I’m super excited. This will be the first guest post on this blog! I let some friends and family know I’d like to get their thoughts on the books they’ve been reading and movies they’ve been watching. And really, you don't want just my opinion, now, do you?
I received the first one from my awesome mom-in-law, Laura. So, sit back, read and enjoy her review of J. Edgar!:
This is my first movie critique but I’m inspired by Sarah to share some thoughts after watching J. Edgar last weekend. My partner Carol and I were looking forward to seeing it. Leonardo DiCaprio. Clint Eastwood directing. We don’t go to the movies often but we didn’t think we could go wrong with this one, and we even sprang for hot dogs, popcorn and soda to do it right, the cost be damned.
Bottom line, we felt like we got our money’s worth.
I can’t exactly explain what we were expecting, but looking back at other Eastwood-directed pictures I should have maybe been more prepared for the overwhelming character analysis that was the main thrust of the picture. The social and cultural changes that occurred during Hoover’s reign as Director of the FBI from 1924 to 1972 were enormous. That was entertaining backdrop for the characters’ choices as they progressed in their careers, and we got a bit of a history lesson along the way. Every so often Carol and I would turn to each other and mouth “I didn’t know that happened then.”
If you’ve read anything about this movie, you probably already know that it “outs” J. Edgar and his male assistant/companion. Their relationship and the relationship of J. Edgar and his loyal secretary, and his relationship with his mother who was very involved in his life were shown in context with his public, professional role as the man who almost single-handedly built the FBI into a powerful organization with the ability to not only catch the bad guys but also sway the political decisions of Presidents.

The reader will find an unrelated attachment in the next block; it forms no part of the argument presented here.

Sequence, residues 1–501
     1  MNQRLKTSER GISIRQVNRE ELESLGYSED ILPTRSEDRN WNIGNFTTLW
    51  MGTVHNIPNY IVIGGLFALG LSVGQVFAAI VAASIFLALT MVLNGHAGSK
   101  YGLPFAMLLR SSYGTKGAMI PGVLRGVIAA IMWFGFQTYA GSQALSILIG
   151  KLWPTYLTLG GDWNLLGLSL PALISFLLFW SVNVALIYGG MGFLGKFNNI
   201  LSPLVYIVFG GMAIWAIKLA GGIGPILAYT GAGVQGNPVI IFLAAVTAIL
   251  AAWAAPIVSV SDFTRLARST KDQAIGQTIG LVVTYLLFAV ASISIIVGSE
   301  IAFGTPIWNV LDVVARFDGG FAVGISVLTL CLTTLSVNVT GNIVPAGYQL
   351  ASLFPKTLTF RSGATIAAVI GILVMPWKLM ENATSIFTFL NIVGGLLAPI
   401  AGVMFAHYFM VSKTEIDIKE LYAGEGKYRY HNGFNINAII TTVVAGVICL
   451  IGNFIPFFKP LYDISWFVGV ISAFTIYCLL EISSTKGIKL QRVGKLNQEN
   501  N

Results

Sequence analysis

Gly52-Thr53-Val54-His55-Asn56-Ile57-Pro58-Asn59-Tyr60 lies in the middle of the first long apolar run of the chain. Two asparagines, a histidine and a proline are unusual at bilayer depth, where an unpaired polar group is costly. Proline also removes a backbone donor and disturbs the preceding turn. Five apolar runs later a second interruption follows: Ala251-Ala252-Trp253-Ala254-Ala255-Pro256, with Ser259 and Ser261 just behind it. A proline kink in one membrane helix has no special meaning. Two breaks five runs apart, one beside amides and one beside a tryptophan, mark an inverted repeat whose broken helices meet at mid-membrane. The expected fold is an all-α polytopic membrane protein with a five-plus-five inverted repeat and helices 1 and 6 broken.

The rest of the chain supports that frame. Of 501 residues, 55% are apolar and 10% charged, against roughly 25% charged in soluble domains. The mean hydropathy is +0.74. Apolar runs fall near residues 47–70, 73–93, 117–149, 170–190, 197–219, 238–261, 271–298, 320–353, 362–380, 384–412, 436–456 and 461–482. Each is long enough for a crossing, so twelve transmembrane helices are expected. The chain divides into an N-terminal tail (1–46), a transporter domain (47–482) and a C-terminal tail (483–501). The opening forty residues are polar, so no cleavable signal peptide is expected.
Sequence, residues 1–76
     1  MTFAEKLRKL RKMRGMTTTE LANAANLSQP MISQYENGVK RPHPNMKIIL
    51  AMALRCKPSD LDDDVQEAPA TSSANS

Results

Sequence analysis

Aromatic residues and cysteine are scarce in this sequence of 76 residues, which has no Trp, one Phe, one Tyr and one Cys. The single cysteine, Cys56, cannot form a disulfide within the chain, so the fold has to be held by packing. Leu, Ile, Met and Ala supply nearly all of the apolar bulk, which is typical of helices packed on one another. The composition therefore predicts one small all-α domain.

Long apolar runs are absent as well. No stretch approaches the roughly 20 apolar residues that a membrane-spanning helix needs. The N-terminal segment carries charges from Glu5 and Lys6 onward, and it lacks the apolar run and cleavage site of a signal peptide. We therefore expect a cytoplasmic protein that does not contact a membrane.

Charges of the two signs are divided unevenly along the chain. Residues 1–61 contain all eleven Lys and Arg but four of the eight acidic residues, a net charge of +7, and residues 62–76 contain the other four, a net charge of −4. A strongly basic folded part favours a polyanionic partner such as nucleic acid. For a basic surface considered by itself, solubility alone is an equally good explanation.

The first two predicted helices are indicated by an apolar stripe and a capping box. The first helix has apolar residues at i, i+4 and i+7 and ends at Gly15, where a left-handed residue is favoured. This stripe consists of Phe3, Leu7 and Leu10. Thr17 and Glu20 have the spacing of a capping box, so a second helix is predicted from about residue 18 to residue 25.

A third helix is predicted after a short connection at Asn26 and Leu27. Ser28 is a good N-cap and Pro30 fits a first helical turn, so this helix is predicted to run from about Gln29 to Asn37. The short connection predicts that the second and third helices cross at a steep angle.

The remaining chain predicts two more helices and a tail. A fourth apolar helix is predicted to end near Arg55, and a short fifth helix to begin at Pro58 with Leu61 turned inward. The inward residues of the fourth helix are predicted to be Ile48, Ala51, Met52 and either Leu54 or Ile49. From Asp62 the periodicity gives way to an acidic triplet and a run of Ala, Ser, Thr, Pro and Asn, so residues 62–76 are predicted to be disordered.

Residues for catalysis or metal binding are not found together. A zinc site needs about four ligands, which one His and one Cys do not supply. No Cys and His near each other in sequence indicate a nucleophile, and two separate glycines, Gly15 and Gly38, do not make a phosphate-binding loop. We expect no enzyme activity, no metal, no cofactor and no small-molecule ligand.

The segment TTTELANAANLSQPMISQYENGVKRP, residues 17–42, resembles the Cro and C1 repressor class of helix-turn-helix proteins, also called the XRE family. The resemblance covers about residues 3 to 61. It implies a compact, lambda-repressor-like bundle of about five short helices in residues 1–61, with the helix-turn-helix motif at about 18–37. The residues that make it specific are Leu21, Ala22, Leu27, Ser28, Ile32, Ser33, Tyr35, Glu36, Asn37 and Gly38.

When I left the theater, I felt like I’d just seen a beautifully performed live play, and I would actually like to see the movie again with that frame of mind going in. This is not a movie with a lot of special effects and some scenes could even be considered a bit naïve in their production … if we judge it against the many movies made today with both casual and calculated special effects to sweep us along the plot of the story, if there even is one.
There were, of course, major makeup effects to age Leonardo and supporting characters, but again I had the feeling that this was the stuff of a live stage performance and for me it enhanced the sense of understanding that this film was not just about a different time, it was about a different way of living. However, it’s true that there’s nothing new under the sun, so it’s still possible to relate to many of the characters’ challenges and quests.
Thank you, Laura!